Result(s): Symptomatic hypogonadism is a potential consequence of AAS use and may depend on dose, duration, and type of AAS used. Complete endocrine and metabolic assessment should be conducted. Management strategies for anabolic steroid-associated hypogonadism (ASIH) include judicious use of testosterone replacement therapy, hCG, and selective estrogen receptor modulators.

Conclusion(s): Although complications of AAS use are variable and patient specific, they can be successfully managed. Treatment of ASIH depends on the type and duration of AAS use. Specific details regarding a patient's AAS cycle are important in medical management.

Androgen deficiency in the aging man

1 Oct 2010

Androgen deficiency in the aging man / Ranjan Arianayagam, Mohan Arianayagam, Shaun McGrath, Prem Rashid. - (Australian Family Physician 39 (2010) 10 (October); p. 752-755)

  • PMID: 20890477


Background: Androgen deficiency in the aging man is an area of considerable debate because a gradual decline in testosterone may simply be part of the normal aging process. However, there is an alternative view that androgen deficiency in the aging man may constitute a valid and underdiagnosed disorder.

Objective: To discuss the aetiology, clinical features, diagnosis and management of androgen deficiency in the aging man.

Discussion: Late onset hypogonadism has clinical features that overlap with both normal aging and some pathological conditions. It can only be diagnosed on the basis of both suggestive clinical features and clear biochemical evidence of testosterone deficiency. In this group of patients medication may play a role.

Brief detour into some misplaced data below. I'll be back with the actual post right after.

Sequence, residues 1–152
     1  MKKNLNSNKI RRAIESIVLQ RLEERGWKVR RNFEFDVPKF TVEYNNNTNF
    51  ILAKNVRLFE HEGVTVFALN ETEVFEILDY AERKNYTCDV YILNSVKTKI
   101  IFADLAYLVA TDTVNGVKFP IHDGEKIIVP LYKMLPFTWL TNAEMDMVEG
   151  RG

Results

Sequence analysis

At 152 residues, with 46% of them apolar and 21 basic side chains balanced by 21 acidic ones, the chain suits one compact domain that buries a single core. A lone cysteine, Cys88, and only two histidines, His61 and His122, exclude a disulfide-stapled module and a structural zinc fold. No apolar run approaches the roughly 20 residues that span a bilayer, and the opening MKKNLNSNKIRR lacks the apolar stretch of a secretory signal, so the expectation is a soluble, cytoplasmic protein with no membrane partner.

Doping by athletes could become tougher to hide with new detection method

5 Apr 2021

Doping by athletes could become tougher to hide with new detection method. -  (American Chemical Society (2021) 5 April)

ACS Virtual PRESS SESSION 01: Monday, April. 5th at 10 a.m. EDT Welcome to ACS Spring 2021meeting! Please check out the archived video here:

  • http://www.acs.org/spring2021doping​

As the world awaits the upcoming Olympic games, a new method for detecting doping compounds in urine samples could level the playing field for those trying to keep athletics clean. Today, scientists report an approach using ion mobility-mass spectrometry to help regulatory agencies detect existing dopants and future “designer” compounds.